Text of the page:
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Post Options Post Options   Thanks (0) Thanks(0)     Back to Top Direct Link To This Post Posted: January/26/2018 at 14:12
RifleDude View Drop Down
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It's entirely a personal preference thing. I'm not arguing that velocity on target and its effect on temporary wound cavity is unimportant; far from it. I want the same dramatic temporary wound cavity you describe if possible. I'm just saying that I don't like the way an AR10 handles and think the weight:performance ratio is way skewed on that platform...too much weight and bulk in exchange for too little performance improvement. That's just my opinion, of course.

I like ARs, just not AR10s. If I want or need better terminal performance than what cartridges suitable for AR15 provide, then I'm leaving the AR at home to begin with and picking up a bolt action. The way I see it is an AR is in its element as a short to medium range weapon. The more distance you put between you and a sentient being, the less important having rapid follow-up shots becomes. I'm for condensing things down to the core elements necessary to accomplish a goal as much as possible, and a bolt action ticks all the check boxes in that regard. A bolt action offers the advantage of minimum protuberances, minimum mechanical complexity, usually a better trigger, greater reliability, and minimum weight (while permitting the important weight distribution in the right place), all while providing way better ballistic performance because you aren't constrained by having to keep COAL under 2.8" for function. This gives you greater latitude in bullet selection and seating depth, which again gives you better terminal performance.

Today's selection of bullets has completely thrown the old "minimum caliber" rules of thumb completely out the window.

To anyone who would argue that adding 2 more lbs to your rifle is no big deal, I ask you this: Given the choice, would you ever voluntarily core out a (hunting) rifle buttstock or mill a slot inside a forend and pour in 2 lbs worth of lead shot mixed with epoxy? If your answer to that is no, then weight does matter.
Post Options Post Options   Thanks (0) Thanks(0)     Back to Top Direct Link To This Post Posted: January/26/2018 at 14:27
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Weight matters, but in a context. Circumstance dictates the tool to use, I agree AR10 is often the wrong tool; but would contend that, given the right set of circumstances, it is a great tool.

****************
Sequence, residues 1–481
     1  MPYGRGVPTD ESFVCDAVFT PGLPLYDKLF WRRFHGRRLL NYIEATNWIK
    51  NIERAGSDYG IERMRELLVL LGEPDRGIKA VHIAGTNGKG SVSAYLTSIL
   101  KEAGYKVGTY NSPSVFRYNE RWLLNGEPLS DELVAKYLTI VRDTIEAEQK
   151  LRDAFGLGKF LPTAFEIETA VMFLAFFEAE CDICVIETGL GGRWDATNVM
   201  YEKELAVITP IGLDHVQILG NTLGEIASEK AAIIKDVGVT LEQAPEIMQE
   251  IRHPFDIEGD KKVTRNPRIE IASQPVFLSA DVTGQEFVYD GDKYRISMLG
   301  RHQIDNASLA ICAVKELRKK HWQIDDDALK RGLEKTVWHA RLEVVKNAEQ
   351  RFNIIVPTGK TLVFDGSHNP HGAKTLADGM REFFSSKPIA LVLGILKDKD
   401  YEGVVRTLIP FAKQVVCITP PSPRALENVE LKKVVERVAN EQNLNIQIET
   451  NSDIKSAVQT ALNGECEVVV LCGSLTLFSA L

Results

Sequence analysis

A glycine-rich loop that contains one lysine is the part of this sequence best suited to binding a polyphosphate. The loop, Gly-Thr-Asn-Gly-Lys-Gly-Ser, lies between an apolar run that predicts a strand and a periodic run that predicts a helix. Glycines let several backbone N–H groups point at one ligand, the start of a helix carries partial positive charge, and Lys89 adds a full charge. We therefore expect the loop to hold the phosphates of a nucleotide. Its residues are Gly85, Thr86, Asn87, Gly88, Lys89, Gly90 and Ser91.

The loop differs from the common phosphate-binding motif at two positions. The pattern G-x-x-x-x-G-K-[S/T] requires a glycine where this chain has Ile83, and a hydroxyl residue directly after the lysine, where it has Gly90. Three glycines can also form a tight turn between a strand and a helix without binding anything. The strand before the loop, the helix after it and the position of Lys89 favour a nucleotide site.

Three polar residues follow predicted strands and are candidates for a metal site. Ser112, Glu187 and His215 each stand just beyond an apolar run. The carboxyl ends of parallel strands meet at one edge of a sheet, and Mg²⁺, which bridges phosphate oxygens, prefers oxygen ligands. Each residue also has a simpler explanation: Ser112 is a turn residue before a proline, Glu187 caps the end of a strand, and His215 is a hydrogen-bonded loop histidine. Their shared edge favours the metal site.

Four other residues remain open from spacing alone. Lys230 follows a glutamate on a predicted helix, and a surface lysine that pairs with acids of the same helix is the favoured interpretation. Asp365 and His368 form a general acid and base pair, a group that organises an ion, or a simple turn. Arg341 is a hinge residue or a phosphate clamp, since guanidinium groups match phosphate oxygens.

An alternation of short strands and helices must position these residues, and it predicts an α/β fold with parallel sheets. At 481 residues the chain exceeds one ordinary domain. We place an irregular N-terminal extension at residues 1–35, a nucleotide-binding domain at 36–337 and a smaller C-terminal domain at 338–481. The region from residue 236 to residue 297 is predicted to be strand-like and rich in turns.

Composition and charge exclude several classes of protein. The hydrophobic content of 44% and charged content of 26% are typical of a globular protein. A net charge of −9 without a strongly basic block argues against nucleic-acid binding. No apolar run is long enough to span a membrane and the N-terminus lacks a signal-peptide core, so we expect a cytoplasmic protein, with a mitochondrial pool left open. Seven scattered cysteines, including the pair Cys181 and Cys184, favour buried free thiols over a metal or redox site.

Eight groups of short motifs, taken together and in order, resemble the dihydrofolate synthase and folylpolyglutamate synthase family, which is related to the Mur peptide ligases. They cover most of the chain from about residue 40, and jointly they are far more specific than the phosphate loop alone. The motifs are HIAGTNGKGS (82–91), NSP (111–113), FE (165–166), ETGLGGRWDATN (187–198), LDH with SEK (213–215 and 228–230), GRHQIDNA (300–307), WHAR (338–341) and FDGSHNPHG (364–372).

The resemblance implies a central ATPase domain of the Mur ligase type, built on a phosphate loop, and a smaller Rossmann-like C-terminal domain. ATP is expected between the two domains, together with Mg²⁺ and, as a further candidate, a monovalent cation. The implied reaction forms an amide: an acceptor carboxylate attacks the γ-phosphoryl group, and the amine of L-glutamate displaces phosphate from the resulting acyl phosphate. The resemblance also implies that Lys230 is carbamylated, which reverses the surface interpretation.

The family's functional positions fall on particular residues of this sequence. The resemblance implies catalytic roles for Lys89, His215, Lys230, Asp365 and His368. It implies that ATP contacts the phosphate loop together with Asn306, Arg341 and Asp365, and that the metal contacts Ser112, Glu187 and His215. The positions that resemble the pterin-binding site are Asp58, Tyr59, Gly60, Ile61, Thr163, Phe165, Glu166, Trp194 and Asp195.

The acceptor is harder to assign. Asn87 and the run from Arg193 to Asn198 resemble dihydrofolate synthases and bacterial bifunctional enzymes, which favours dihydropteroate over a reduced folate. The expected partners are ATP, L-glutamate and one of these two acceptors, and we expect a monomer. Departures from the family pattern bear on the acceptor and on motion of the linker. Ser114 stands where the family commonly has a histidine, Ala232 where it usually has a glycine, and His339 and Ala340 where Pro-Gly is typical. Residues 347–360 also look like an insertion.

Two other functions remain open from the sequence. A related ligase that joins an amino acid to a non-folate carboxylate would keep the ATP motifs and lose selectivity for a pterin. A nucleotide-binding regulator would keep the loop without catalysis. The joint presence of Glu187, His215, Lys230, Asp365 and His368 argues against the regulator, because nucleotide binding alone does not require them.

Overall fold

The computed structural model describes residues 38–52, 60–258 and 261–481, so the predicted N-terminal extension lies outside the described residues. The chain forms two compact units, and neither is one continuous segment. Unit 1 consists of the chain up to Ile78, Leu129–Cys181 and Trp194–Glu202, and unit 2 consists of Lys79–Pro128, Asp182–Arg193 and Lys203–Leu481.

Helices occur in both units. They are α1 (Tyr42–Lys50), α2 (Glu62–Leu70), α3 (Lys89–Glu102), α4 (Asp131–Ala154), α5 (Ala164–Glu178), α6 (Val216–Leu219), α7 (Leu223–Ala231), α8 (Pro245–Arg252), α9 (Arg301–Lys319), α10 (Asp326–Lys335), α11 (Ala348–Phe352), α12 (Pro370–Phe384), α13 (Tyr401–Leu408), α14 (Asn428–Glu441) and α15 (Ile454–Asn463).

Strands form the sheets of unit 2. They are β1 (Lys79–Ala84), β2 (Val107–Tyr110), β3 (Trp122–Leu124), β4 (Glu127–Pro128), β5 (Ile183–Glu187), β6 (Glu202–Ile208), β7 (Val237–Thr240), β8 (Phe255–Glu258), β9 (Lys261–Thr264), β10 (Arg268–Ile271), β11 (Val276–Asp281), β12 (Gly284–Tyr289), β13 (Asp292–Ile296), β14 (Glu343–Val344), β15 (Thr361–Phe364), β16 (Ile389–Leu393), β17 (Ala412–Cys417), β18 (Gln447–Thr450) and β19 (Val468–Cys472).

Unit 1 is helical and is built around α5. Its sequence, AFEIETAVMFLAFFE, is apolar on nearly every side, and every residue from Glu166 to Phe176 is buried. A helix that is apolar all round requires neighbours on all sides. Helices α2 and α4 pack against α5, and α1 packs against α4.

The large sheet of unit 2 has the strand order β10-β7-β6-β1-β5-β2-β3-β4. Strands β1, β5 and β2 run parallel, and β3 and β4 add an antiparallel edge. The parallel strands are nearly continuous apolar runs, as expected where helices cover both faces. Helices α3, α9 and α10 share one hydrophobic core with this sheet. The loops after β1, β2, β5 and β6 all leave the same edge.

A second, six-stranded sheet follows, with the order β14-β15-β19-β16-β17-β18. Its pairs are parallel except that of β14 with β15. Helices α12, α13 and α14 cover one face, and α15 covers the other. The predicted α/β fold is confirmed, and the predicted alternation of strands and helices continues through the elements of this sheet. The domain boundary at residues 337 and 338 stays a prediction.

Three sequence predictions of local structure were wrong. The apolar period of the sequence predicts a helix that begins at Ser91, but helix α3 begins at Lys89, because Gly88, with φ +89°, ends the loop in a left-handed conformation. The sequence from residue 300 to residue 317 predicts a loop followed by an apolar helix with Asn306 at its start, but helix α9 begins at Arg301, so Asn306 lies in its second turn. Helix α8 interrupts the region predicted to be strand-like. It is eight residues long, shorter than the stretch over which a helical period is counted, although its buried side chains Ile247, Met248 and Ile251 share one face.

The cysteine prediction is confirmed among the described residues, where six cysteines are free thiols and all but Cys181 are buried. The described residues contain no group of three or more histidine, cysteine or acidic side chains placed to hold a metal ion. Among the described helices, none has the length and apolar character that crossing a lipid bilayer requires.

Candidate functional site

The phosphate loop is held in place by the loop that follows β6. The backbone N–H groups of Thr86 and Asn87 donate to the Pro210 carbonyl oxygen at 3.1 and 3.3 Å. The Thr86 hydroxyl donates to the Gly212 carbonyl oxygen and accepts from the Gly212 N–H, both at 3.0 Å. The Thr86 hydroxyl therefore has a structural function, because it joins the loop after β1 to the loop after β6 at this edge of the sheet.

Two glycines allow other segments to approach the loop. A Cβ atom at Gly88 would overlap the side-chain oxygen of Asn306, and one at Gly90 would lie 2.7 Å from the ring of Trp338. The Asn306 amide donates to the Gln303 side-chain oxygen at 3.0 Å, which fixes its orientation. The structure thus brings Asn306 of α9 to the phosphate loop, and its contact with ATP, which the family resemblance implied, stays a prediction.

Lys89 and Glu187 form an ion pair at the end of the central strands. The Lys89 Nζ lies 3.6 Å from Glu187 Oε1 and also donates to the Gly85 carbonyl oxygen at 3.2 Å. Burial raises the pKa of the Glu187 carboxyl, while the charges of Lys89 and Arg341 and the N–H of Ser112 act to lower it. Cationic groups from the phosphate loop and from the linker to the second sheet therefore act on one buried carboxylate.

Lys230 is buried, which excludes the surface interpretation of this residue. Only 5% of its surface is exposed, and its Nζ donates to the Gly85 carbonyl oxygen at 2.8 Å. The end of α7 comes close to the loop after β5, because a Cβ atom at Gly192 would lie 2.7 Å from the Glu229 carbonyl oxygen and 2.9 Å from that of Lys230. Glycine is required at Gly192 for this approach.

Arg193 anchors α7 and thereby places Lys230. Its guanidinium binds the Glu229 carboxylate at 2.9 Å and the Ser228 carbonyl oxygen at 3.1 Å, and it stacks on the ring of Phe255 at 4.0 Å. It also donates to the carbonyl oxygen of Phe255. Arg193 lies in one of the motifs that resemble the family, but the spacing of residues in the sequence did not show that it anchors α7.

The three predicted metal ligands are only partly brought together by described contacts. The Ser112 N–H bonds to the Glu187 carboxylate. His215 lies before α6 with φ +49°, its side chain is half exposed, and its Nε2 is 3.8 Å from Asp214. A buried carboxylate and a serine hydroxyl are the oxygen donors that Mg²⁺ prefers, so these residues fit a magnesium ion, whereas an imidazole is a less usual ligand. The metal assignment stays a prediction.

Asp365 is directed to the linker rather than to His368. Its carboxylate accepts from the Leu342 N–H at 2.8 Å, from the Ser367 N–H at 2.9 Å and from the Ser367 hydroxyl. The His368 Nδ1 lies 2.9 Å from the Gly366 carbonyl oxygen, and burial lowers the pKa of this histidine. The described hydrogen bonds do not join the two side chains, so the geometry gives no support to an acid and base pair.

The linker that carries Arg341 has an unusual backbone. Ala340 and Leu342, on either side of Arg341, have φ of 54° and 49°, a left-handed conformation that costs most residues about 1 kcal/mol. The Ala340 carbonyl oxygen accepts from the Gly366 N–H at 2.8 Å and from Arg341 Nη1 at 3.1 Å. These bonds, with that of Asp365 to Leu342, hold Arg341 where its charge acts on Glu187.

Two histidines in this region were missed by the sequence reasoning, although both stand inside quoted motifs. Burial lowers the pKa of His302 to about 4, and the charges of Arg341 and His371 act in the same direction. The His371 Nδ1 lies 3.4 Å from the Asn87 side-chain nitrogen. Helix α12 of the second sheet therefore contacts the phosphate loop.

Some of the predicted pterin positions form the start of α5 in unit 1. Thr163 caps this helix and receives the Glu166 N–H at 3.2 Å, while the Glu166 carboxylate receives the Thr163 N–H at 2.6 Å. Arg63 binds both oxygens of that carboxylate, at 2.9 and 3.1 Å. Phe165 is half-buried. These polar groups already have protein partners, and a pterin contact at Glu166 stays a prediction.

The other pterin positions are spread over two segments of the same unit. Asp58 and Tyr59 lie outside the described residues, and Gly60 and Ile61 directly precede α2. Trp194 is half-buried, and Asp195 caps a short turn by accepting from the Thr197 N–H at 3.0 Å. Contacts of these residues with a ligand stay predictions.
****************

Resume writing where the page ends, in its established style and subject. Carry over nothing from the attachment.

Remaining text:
Post Options Post Options   Thanks (0) Thanks(0)     Back to Top Direct Link To This Post Posted: January/26/2018 at 16:38
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Agreed on all counts, but if forced to make trade offs, even when weight is taken in context, I believe AR10 to offer a poor return on investment in the weight:performance ratio. For the same or less weight than an AR10, a guy can weild far greater horsepower in a bolt gun than .308 and other AR10 compatible rounds provide. Even the same rounds you’d chamber in a 10 will perform better in a bolt rifle. The latter allows greater mag box length for better bullet selection and COAL latitude, as well as a longer barrel at the same gun OAL due to considerably shorter receiver...all while tipping the scales at 2-3 lbs less, being significantly shorter in profile view, being more bulletproof functionally, better balanced, and lacking all the sharp corners and protrusions that stab you in the back while sling carrying. To me the slower follow-up shots and (sometimes) less mag capacity is overshadowed by those attributes.

I’m sure there’s some narrow niche where an AR10 is the superior tool over either its smaller sibling or a more powerful bolt rifle. I just can’t think of a single example myself. But again, that’s just my opinion. We all have different tastes in women, liquor, and tools.
Post Options Post Options   Thanks (0) Thanks(0)     Back to Top Direct Link To This Post Posted: January/26/2018 at 17:01
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Who cares about all that crap.  What happened to just wanting a cool gun.  Bucky
Post Options Post Options   Thanks (0) Thanks(0)     Back to Top Direct Link To This Post Posted: January/26/2018 at 17:15
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Good point.
Post Options Post Options   Thanks (0) Thanks(0)     Back to Top Direct Link To This Post Posted: January/26/2018 at 21:15
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This past weekend I had 3 coyotes running left to right in front of me at 100 yards, with an AR10 in 6.5CM. Guess how it ended? Predict how it could have with a bolt gun. There was less and 2 seconds visibility as they broke one tree line and headed into another.


For clarity: I had the 6.5CM, not the yotes. In rereading that, it could be interpreted both ways.

For clarity.
Post Options Post Options   Thanks (0) Thanks(0)     Back to Top Direct Link To This Post Posted: January/26/2018 at 22:41
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Originally posted by Rancid Coolaid Rancid Coolaid wrote:

This past weekend I had 3 coyotes running left to right in front of me at 100 yards, with an AR10 in 6.5CM. Guess how it ended? Predict how it could have with a bolt gun. There was less and 2 seconds visibility as they broke one tree line and headed into another.

And how would it have ended any differently with an AR15 in any caliber that would function in a 15? In fact, I'd argue that in the majority of similar cases repeated, your hit % would be greater due to a livelier, handier parcel.